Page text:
“Would you prefer we buy you a jacket Saturday afternoon (gift) or that the two of us spend time at the cabin while Dad is away (quality time)?”
“Since you and I are the only ones at home tonight, would you rather we eat out (quality time) or that I fix your favorite pizza (acts of service)?”
“If you are feeling discouraged and I wanted to build you up, which would be more helpful to you—if I sat down and told you how much I love and appreciate you, and then mentioned some of your positive traits (words of affirmation) or if I simply gave you a bear hug and said, ‘I’m with you, Man'(physical touch)?”
Giving choices will be helpful only if you do it often enough to see a pattern showing a clear preference in love languages. You will probably need to offer twenty to thirty choices before you can see a clear pattern emerging. Isolated answers may just indicate the preference of the moment.
If you decide to be very creative about this, you could draw up thirty of the either/or choices, being sure that you include an equal number of options for each love language. Then present it to your child as a sort of research project on choices. Most teens will cooperate in such an effort, and the results may give you a clear reading on your child’s love language.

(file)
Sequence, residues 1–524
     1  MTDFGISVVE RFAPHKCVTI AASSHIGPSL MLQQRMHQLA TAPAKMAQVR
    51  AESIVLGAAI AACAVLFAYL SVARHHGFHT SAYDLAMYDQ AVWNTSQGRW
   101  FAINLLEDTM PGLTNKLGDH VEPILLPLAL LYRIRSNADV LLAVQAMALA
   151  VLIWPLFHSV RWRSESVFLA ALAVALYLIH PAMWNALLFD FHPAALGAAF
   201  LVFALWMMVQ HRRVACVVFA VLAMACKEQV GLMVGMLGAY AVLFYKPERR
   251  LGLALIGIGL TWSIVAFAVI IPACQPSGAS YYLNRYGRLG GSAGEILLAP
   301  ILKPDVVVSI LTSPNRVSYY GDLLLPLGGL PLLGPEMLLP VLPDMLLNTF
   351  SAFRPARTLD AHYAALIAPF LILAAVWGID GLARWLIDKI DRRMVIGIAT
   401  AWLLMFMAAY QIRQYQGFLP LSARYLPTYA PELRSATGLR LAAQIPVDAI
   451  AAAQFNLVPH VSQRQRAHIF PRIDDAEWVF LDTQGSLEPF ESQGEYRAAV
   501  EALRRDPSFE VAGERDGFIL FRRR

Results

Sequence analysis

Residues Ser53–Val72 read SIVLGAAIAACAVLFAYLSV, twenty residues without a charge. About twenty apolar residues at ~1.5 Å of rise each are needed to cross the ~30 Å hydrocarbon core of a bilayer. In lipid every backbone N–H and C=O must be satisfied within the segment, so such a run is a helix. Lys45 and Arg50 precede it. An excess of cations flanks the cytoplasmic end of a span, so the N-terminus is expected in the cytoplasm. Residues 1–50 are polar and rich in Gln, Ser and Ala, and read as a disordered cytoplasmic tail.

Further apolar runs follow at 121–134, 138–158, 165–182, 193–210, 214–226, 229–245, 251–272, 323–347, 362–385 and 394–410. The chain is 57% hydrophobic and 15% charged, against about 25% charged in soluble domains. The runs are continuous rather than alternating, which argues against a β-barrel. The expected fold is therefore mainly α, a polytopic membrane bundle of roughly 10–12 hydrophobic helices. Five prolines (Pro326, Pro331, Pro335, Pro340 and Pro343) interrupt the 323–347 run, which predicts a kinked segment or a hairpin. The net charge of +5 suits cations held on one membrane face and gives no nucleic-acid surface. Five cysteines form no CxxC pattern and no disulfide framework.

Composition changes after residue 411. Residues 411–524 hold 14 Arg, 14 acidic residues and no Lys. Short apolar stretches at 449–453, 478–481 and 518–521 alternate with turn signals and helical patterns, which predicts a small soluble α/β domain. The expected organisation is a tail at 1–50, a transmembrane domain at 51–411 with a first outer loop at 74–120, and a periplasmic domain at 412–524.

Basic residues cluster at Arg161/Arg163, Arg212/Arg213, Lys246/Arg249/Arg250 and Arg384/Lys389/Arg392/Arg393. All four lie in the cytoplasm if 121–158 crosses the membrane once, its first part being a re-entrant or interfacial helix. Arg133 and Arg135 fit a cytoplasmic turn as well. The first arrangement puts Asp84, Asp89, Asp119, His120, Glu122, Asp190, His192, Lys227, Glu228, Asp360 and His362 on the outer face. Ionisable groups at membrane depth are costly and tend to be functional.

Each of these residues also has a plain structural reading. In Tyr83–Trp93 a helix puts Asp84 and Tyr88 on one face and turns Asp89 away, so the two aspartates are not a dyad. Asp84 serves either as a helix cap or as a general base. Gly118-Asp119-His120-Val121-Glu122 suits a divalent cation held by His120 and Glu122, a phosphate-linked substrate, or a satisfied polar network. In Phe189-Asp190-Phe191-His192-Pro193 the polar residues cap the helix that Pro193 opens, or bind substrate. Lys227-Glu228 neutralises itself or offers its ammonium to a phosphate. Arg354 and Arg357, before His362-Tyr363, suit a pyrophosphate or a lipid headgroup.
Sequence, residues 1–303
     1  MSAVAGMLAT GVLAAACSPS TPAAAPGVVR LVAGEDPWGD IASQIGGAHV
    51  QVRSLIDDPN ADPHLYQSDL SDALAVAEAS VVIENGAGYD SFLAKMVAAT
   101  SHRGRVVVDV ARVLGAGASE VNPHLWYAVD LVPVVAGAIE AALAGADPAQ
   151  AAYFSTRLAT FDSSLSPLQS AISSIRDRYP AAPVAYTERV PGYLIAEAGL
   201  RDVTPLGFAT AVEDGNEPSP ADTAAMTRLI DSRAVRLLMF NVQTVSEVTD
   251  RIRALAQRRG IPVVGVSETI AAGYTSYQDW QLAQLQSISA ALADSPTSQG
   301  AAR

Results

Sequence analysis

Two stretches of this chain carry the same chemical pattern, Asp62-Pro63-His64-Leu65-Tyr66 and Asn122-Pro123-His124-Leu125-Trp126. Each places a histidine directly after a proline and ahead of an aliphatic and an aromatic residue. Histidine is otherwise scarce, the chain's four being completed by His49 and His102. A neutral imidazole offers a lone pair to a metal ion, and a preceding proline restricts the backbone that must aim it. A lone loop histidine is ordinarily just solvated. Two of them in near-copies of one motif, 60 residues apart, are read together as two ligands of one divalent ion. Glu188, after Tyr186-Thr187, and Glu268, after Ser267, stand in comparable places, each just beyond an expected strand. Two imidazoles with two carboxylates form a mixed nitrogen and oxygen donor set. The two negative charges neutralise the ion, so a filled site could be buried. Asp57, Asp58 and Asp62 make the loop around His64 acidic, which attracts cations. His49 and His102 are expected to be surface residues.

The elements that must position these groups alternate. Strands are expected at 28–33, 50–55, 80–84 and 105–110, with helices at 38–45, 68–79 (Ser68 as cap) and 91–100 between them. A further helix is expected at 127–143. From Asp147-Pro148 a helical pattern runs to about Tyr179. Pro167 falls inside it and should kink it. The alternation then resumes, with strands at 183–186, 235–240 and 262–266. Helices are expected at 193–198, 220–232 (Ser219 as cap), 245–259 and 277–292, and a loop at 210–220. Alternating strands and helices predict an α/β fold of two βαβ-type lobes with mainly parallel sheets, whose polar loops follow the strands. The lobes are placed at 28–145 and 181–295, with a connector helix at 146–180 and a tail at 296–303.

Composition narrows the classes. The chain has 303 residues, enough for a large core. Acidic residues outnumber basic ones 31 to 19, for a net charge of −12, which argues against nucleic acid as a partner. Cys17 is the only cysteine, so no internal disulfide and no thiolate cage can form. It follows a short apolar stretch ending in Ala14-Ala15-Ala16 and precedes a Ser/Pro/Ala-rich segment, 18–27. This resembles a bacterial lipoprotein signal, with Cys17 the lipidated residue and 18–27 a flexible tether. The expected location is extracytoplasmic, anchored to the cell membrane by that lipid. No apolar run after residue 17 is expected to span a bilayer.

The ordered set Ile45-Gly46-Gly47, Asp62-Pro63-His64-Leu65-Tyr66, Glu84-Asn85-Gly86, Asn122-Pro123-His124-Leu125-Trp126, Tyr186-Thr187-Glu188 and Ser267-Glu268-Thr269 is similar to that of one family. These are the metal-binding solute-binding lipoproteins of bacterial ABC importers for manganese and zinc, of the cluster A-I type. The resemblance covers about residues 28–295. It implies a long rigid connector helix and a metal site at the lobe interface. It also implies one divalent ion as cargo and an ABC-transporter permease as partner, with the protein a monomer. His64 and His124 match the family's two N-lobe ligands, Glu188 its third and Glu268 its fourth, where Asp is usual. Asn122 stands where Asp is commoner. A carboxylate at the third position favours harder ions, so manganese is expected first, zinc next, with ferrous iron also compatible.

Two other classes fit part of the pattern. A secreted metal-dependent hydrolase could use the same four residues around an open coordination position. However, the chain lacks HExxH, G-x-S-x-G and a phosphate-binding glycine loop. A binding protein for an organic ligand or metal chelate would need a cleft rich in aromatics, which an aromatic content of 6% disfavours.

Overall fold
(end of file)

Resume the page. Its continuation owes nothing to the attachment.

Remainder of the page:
A Fifteen-Week Experiment
If none of the above suggestions give you much clue as to your child’s primary love language, this one may work for you. But if you begin it, be prepared to continue for the full term, fifteen weeks.
First, choose one of the five love languages to focus on for two weeks as you express love to your child. For example, if you begin with quality time, each day you will seek to communicate your love by giving your child at least thirty minutes of your undivided attention. One day take her to breakfast. Another day, play a table game of read a book together. As you give this amount of undivided attention, observe how your child responds. If, by the end of the two weeks, your child is begging for freedom, you know you have to look elsewhere. If, however you see a new twinkle in her eye and you are getting positive comments on how much she enjoys your time together, you may have found what you were looking for.
After the two weeks, take a week off, not totally withdrawing but giving about one-third the time you did before. This allows the relationship to move closer to what it was before. Then select another love language and focus on it for the next two weeks. For example, if you choose physical touch, you will touch your child in some meaningful way at least four times every day. So, before he leaves for school, you give him a hug and kiss. When he comes home, you greet him with a big hug. When he sits down to dinner, rub his back for a minute. Later, when he is watching TV, pat him on the back. Repeat this process every day, varying your expressions of physical touch, but always giving meaningful touches at least four times a day.